In 1957, Don Blake purchased the building and renamed it once more as Western Recorders. It was only a few years before Blake sold Western Recorders to Frank Sinatra’s personal engineer…
The legendary Bill Putnam transformed Western Recorders into the studio complex it is today.
By 1960, Bill Putnam was already known as one of the titans of the recording industry. He invented the modern day recording console and had previously founded Universal Audio and UREI which has produced some of the most used audio equipment of all time, like the 1176 and LA-2A compressors. He is often referred to as the “father of modern recording.”
At the time he acquired Western Recorders, Putnam had already owned a successful studio in Chicago called Universal Recording as well. His close clients Frank Sinatra and Bing Crosby supported Putnam’s move to California, which was all part of his dream to create the largest studio complex in LA.
He first bought United Studios at 6050 Sunset Boulevard, then purchased Western Recorders at 6000 Sunset in 1961. He merged the two businesses under the name United Western Recorders.
As soon as the studio opened under Putnam’s ownership, United Western Recorders produced some of the biggest hits in 1960s pop music. Frank Sinatra recorded what is considered some of his greatest work in Studio 1, including “My Way”, “The Summer Wind,” “That’s Life,” and the duet with his daughter Nancy Sinatra “Somethin’ Stupid.”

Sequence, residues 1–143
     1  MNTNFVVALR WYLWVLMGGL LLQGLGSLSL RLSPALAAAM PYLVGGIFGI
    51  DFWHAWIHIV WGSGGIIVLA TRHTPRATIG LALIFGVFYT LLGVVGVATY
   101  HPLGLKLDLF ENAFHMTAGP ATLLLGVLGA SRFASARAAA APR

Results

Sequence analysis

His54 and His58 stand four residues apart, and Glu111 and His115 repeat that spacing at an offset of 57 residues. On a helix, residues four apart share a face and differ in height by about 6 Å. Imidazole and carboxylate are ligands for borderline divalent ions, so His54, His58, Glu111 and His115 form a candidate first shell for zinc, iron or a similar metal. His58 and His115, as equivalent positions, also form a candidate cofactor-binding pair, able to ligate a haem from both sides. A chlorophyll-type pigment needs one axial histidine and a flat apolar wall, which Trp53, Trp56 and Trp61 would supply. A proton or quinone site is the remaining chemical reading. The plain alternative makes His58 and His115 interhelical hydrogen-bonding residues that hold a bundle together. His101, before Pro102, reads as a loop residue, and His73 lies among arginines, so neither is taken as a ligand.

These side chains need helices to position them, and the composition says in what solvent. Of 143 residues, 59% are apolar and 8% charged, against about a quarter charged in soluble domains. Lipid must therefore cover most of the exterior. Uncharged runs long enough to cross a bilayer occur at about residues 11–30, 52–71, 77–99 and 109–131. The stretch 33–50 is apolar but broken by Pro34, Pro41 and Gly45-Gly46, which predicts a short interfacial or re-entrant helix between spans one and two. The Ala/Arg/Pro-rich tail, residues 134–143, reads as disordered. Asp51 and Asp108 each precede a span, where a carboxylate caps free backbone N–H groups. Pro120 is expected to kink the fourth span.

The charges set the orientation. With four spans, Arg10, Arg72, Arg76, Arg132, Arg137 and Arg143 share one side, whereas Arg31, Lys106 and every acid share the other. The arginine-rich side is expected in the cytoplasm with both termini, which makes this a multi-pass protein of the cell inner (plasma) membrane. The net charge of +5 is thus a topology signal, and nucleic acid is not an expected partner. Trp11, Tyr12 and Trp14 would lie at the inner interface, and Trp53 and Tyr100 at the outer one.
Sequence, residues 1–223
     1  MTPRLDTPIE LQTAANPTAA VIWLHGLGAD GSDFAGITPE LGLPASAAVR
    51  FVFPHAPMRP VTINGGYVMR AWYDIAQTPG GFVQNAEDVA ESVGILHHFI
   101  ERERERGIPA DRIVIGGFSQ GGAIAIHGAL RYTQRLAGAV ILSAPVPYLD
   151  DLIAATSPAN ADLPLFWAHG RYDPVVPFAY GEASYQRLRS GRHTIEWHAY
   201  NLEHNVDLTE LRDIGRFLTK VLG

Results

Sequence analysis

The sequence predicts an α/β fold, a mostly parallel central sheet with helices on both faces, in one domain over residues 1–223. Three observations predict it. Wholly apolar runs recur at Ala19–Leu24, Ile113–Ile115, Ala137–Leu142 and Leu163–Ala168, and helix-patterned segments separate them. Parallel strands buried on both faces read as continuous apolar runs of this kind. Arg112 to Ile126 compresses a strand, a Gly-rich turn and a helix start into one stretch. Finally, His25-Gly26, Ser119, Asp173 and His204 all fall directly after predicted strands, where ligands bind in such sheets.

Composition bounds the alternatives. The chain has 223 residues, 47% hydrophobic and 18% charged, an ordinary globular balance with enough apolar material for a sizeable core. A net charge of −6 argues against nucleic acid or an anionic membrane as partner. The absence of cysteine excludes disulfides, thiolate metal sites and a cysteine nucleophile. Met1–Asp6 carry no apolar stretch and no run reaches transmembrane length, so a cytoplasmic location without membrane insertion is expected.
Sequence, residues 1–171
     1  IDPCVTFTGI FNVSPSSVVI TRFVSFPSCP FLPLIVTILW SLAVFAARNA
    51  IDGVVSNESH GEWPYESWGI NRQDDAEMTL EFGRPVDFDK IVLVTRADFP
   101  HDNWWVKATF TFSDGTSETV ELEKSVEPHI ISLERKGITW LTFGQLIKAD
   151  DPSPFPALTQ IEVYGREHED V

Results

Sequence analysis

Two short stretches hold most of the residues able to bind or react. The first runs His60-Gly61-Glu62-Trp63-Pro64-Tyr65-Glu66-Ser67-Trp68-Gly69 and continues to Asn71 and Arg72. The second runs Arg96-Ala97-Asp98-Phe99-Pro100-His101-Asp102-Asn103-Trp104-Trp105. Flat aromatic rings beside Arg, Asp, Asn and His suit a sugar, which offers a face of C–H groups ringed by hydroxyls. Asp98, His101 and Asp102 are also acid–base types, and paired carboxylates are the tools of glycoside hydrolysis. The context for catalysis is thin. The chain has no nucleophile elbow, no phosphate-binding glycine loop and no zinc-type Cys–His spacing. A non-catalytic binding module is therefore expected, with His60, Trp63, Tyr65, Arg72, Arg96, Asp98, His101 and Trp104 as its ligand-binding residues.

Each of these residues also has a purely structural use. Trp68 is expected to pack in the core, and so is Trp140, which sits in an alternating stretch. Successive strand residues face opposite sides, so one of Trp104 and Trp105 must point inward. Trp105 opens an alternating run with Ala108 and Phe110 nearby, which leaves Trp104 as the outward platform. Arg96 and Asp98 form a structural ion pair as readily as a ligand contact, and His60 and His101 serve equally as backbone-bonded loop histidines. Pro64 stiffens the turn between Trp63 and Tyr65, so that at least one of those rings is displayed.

Other smashes of the era recorded in Studio 1 were the original Mission Impossible theme, Elvis Presley’s 1968 Comeback Special, Roger Williams’ “Born Free,” and Peggy Lee’s “Is That All There Is?”.
During this time Studio 2 produced some of the most recognizable work of American television, including the themes to The Beverly Hillbillies, Green Acres, and Hawaii Five-O.
Studio 3 was where the sound of the ’60s was born.
The Beach Boys recorded their masterpiece Pet Sounds and some of their greatest hits, including “California Girls,” “Good Vibrations,” and “God Only Knows” in Studio 3 at United Western.
It was also this room where The Mamas & The Papas recorded their biggest songs ever: “California Dreaming,” “Monday, Monday,” and “Dancing in the Street.” These iconic sounds defined an entire generation of music for which you could say Bill Putnam is responsible!
United Western Recorders continued its success throughout the ’70s with hits by Barbara Streisand, more classic work by Frank Sinatra, and theme songs to The Godfather and M.A.S.H. The interior of the facility also provided a backdrop for multiple scenes in the original production of A Star is Born.